In terms of hard media metrics I have surpassed my target of publishing 15 articles – this will be my 18th article this year. Those articles have currently been viewed more than 100k times, with 9k+ likes and nearly 600 comments. At the same time I have more than tripled my following on LinkedIn to 3k followers. Those are conversations and connections I would never have been able to make previously.
But, for me, the biggest results are the stories and connections that lie behind those numbers.
My article about running and work encouraged others to recommit to or start exercising. My April Fools invention of a Star Sign targeting algorithm made people laugh. And I have formed some genuine business connections. For example, I struck up a conversation with one commenter from a post about running that led me to interview him about management consultancies and culture. That article went on to become one of my most successful posts. In essence, I am now moving beyond just publishing articles to making my network work.
I don't see myself as your archetypal networker but I have found that the LinkedIn platform can help people network and connect in a different way. ‘Networking’ doesn’t have to be a terrifying experience that involves you pretending to be someone you’re not. And the LinkedIn platform allows you to build influence in a different way. By published regularly a small amount of effort can, over time, create a big impact. It can also be something that you can fit in amongst the small time spaces in your day job.
So in the spirit of sharing. This is what I’ve learned from writing on LinkedIn.
Find your own voice – LinkedIn is a pretty transparent platform so it works better when you are being authentic rather than pretending to be someone else.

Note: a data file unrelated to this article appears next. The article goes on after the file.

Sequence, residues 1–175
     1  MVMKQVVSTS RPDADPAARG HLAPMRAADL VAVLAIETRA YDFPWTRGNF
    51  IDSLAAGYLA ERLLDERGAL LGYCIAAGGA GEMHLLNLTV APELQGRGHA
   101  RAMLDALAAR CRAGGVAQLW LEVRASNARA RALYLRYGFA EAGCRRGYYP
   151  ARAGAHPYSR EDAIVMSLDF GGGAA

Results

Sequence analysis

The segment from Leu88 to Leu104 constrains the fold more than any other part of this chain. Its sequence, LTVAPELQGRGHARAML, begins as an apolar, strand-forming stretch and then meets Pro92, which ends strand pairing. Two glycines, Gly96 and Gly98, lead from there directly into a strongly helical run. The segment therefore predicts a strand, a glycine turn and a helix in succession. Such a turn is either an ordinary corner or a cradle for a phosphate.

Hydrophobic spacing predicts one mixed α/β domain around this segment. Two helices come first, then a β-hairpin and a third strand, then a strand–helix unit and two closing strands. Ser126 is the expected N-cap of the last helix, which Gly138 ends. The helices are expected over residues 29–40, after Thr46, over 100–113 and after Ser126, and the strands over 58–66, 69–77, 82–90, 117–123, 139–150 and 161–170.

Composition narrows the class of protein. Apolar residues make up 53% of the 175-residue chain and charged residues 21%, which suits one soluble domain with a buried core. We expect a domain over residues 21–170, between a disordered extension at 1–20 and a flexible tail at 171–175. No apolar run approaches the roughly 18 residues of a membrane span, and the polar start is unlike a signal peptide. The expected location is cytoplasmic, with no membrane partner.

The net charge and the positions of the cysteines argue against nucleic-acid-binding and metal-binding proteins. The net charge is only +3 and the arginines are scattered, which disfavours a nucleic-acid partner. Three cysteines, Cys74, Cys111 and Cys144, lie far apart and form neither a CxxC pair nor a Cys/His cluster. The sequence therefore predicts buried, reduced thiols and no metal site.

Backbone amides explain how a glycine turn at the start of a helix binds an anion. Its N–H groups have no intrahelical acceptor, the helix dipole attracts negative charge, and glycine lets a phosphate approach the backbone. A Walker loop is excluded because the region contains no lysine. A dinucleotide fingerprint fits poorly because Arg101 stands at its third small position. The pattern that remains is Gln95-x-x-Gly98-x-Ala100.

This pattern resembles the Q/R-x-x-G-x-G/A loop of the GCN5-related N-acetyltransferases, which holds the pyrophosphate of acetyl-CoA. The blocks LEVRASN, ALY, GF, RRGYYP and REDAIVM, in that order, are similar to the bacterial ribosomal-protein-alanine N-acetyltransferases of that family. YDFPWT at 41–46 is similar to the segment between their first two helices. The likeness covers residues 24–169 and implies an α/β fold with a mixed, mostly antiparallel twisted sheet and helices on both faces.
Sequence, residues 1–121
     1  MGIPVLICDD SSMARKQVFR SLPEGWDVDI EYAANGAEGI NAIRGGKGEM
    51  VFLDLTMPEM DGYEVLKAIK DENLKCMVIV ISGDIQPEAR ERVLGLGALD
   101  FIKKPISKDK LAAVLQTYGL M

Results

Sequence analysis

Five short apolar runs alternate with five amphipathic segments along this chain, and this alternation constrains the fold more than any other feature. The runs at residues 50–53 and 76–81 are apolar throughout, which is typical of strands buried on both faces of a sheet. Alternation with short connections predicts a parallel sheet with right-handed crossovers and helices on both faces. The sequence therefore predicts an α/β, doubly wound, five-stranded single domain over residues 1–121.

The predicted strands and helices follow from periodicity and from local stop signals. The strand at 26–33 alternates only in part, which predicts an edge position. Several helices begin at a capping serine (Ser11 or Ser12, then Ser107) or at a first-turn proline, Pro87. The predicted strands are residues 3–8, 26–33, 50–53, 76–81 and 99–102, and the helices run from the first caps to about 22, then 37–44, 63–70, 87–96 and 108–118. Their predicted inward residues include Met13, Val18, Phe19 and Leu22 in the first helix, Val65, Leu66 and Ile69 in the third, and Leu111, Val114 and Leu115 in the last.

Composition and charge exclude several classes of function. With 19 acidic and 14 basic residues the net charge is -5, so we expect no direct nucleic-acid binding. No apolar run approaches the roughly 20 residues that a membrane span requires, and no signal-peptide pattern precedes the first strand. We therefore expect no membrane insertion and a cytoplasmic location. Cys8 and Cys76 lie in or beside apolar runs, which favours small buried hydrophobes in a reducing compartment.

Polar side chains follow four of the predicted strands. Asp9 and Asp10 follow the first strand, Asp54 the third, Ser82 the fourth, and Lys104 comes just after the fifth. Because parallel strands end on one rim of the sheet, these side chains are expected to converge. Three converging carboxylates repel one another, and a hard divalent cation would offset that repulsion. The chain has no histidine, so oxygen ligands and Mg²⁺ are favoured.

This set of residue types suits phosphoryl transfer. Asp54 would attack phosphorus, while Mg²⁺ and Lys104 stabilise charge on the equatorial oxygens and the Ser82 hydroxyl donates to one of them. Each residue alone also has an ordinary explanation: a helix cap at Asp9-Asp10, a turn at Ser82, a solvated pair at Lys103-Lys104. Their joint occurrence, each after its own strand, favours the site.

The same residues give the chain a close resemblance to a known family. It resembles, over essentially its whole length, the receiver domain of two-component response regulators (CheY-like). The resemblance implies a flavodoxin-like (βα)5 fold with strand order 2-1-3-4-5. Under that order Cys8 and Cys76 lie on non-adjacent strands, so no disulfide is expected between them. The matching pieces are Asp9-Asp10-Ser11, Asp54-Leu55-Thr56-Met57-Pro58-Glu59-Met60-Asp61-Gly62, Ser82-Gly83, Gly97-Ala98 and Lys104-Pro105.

Try and connect and engage with people, not just broadcast - A lot of people are friendly and if you make the effort and are only too willing to help. So don’t be afraid to ask questions and encourage and reply to comments.
Follow and write about what interests you – If you write about what interests you that enthusiasm is going to come across in your writing. So don’t be afraid to write about things even if you think other people won't be interested.
Set yourself a goal – The thing that has helped my writing the most is setting a goal on how much to publish. I usually find the stress of not meeting my goal overcomes my stress at something not being perfect… or it makes me more creative about finding topics to write about.
Don’t feel what you publish has to be perfect – I constantly fret about what I publish but only have a limited time for writing. The perfectionist in me would love to spend more time editing and tweaking. And then there’s the voice that always says it’s not good enough. Good is sometimes good enough – and it’s better than nothing!
Paul is Global Head of Strategy at Vizeum. He is a Global Strategist with experience that spans a variety of sectors (CPG, Tech, Pharma and Finance) and disciplines (Media, Advertising, CRM and Sales Promotion). He is responsible for European Strategy across all Starcom Global Network Clients including Samsung, P&G, Coke, Airbnb, Novartis, Etihad, Mars. Paul holds a Bachelor in Biological Sciences, Zoology from the University of Oxford.